This study is based on a comparison of seven international birth cohorts. EPOCH was partly supported by Canadian Institutes of Health Research (J. McGrath: OCO-79897, MOP-89886, MSH- 95353; L. Séguin: ROG-110537). ABIS and this research were supported in part by the County Council of Ostergotland, Swedish Research Council (K2005-72X-11242-11A and K2008-69X-20826- 01-4), the Swedish Child Diabetes Foundation (Barndiabetesfonden), Juvenile Diabetes Research Foundation, Wallenberg Foundation (K 98-99D- 12813-01A), Medical Research Council of Southeast Sweden(FORSS), the Swedish Council for Working Life and Social Research (FAS2004- 1775), and Ostgota Brandstodsbolag. Johnny Ludvisson founded the ABIS Cohort. Longitudinal Study of Australian Children (LSAC) was initiated and funded by Australian Government Department of Social Services, with additional funding from partner organizations Australian Institute of Family Studies (AIFS) and Australian Bureau of Statistics (ABS). The study was conducted in partnership with the Department of Social Services (DSS), the Australian Institute of Family Studies (AIFS) and the Australian Bureau of Statistics (ABS). The findings and views reported in this paper are those of the authors and should not be attributed to the DSS, the AIFS or the ABS. This paper uses unit record data from Growing Up in Australia, the Longitudinal Study of Australian Children. Generation R Study (GenR) was made possible by financial support from Erasmus Medical Center, Rotterdam; Erasmus University Rotterdam; Netherlands Organisation for Health Research and Development (ZonMw; additional grant received by V. Jaddoe, ZonMw 907.00303, 916.10159); Netherlands Organisation for Scientific Research (NWO); Ministry of Health, Welfare and Sport; and, Ministry of Youth and Families. Generation R Study (GenR) is conducted by Erasmus Medical Center in close collaboration with the School of Law and Faculty of Social Sciences of the Erasmus University Rotterdam, the Municipal Health Service Rotterdam area, Rotterdam, the Rotterdam Homecare Foundation, Rotterdam and the Stichting Trombosedienst & Artsenlaboratorium Rijnmond (STAR-MDC), Rotterdam; we gratefully acknowledge the contribution of children and parents, general practitioners, hospitals, midwives and pharmacies in Rotterdam. Québec Longitudinal Study of Child Development (QLSCD) 1996-2014 cohort was principally funded and supported by l'Institut de la statistique du Québec through partnership with Fondation Lucie et André Chagnon, Ministère de l'éducation et de l'Enseignement supérieur, Ministère de la Santé et des Services sociaux, Ministère de la Famille, GRIP Research Unit on Children's Psychosocial Maladjustment, QUALITY Cohort Collaborative Group, le Centre hospitalier universitaire Sainte- Justine, Institut de recherche Robert-Sauvé en santé et en securité au travail, l'Institut de recherche en santé publique de l'Université de Montréal, Centre de recherche du Centre hospitalier de l'Université de Montréal (CRCHUM), Fonds de recherche du Québec Santé (FRQS), Fonds de recherche du Québec Sociéte et culture (FRQSC), Social Sciences and Humanities Research Council (SSHRC), and Canadian Institutes of Health Research (MOP-123079, HDF- 70335). The paper used unit record data from the QLSCD (ELDEQ - Enquête longitudinale des enfants du Québec). Data for the QLSCD were collected by the Institut de la Statistique du Québec, Direction des enquêtes longitudinales et sociales. National Longitudinal Study of Children and Youth (NLSCY) was conducted by Statistics Canada and sponsored by Human Resources and Skills Development Canada (HRSDC); both agencies played a role in funding, development of survey content, research, and dissemination of findings. NLSCY and this research was supported by funds to the Canadian Research Data Centre Network (CRDCN) from the Social Sciences and Humanities Research Council (SSHRC), the Canadian Institute for Health Research (CIHR), the Canadian Foundation for Innovation (CFI), and Statistics Canada. Although the research and analysis are based on data from Statistics Canada, the opinions expressed do not represent the views of Statistics Canada. The UK Millennium Cohort Study (MCS) was supported by the Economic and Social Research Council, the Office of National Statistics, and various government departments. The study was led by the Centre for Longitudinal Studies at the Institute of Education of the University of London. We thank the Economic and Social Data Service and the United Kingdom Data Archive for permission to access the study data. The US National Longitudinal Survey of Youth (USNLSY79) is sponsored and directed by U.S. Bureau of Labor Statistics and conducted by Center for Human Resource Research at The Ohio State University. Interviews are conducted by the National Opinion Research Center (NORC) at the University of Chicago. The Children of the NLSY79 survey is sponsored and directed by the U.S. Bureau of Labor Statistics and the National Institute for Child Health and Human Development.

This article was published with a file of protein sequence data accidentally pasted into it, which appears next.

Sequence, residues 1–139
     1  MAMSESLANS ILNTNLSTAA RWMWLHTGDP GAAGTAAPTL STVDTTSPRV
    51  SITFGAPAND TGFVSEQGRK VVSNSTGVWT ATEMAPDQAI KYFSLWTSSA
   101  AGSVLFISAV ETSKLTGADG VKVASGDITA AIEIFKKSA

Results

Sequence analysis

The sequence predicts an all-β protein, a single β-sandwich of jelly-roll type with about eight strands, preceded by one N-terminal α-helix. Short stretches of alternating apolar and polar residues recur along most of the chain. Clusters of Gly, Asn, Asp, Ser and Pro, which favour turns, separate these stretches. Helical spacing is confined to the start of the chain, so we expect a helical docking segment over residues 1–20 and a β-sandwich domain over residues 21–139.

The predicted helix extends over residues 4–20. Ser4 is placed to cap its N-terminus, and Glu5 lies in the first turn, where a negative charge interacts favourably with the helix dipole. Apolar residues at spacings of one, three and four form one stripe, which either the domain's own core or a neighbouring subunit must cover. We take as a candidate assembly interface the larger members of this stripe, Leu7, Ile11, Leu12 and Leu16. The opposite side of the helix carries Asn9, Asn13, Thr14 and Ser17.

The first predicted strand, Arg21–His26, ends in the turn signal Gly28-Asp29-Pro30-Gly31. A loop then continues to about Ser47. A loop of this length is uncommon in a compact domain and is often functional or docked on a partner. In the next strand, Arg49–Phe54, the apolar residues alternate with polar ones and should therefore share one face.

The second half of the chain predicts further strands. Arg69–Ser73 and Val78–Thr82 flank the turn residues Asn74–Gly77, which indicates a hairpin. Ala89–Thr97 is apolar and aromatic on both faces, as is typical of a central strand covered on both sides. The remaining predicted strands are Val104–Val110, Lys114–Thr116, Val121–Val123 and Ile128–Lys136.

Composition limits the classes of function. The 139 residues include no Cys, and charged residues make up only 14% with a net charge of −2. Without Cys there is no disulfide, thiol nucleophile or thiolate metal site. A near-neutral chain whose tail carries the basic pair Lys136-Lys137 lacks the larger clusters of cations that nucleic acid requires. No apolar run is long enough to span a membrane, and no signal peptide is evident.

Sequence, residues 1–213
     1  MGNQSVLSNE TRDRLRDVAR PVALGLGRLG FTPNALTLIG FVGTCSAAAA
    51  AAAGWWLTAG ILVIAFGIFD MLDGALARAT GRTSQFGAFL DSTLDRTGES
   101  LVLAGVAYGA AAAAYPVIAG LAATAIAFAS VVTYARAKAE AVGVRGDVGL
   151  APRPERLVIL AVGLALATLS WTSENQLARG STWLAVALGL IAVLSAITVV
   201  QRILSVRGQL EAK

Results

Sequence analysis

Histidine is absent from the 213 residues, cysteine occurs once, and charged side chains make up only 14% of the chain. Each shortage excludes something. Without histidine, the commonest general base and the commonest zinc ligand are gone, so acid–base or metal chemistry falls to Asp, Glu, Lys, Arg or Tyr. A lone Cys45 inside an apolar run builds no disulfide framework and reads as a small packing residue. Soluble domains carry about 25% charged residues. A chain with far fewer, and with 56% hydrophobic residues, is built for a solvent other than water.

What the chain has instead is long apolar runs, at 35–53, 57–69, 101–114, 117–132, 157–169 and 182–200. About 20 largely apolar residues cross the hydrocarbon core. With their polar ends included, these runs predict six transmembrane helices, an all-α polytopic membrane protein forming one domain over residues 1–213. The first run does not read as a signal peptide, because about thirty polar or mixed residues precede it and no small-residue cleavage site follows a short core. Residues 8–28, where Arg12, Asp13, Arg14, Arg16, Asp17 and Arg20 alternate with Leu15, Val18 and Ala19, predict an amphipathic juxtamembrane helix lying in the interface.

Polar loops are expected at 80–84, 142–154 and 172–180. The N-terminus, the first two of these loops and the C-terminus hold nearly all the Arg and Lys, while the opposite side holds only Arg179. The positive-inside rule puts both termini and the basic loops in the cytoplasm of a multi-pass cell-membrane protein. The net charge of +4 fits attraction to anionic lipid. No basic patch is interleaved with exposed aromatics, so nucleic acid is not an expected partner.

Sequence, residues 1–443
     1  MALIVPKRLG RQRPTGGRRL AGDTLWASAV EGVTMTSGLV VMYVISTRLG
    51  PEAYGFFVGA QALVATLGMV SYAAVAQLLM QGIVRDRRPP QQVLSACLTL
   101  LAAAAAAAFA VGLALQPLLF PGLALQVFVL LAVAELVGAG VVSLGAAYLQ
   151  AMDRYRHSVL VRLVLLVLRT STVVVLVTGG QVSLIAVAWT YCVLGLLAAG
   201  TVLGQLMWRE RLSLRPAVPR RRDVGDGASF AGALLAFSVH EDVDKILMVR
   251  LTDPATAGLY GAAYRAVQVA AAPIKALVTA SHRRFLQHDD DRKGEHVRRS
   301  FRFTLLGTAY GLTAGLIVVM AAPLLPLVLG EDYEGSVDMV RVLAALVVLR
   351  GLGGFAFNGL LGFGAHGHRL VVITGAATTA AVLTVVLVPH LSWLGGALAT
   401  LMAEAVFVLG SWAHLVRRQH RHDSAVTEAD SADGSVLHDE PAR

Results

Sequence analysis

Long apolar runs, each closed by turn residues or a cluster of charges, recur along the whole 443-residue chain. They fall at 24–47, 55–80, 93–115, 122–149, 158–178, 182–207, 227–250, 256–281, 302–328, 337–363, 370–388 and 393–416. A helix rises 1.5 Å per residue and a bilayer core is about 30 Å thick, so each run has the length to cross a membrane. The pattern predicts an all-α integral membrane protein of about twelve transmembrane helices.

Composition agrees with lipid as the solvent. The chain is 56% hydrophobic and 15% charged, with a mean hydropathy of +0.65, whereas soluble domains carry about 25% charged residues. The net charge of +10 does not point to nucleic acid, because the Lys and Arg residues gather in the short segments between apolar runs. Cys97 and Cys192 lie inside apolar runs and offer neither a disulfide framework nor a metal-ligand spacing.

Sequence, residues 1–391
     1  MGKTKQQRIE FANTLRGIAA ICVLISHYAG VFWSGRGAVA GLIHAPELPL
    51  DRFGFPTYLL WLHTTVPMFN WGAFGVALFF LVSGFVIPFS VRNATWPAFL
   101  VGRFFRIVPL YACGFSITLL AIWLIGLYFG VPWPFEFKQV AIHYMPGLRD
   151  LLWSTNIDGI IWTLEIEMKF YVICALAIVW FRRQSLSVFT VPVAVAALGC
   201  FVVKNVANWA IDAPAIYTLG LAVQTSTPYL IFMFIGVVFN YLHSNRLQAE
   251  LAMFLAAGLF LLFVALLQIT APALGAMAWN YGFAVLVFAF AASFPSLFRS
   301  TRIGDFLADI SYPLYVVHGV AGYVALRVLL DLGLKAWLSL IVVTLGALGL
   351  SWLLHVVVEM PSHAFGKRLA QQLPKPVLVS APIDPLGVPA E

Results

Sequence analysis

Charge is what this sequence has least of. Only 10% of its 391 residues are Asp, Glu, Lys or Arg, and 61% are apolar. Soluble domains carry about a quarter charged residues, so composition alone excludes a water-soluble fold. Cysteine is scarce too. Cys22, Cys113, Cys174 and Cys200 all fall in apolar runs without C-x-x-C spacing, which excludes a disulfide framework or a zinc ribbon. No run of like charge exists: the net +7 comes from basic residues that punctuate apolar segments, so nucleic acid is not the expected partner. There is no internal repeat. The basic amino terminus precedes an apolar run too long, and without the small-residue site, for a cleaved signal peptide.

© 2022 Spencer et al.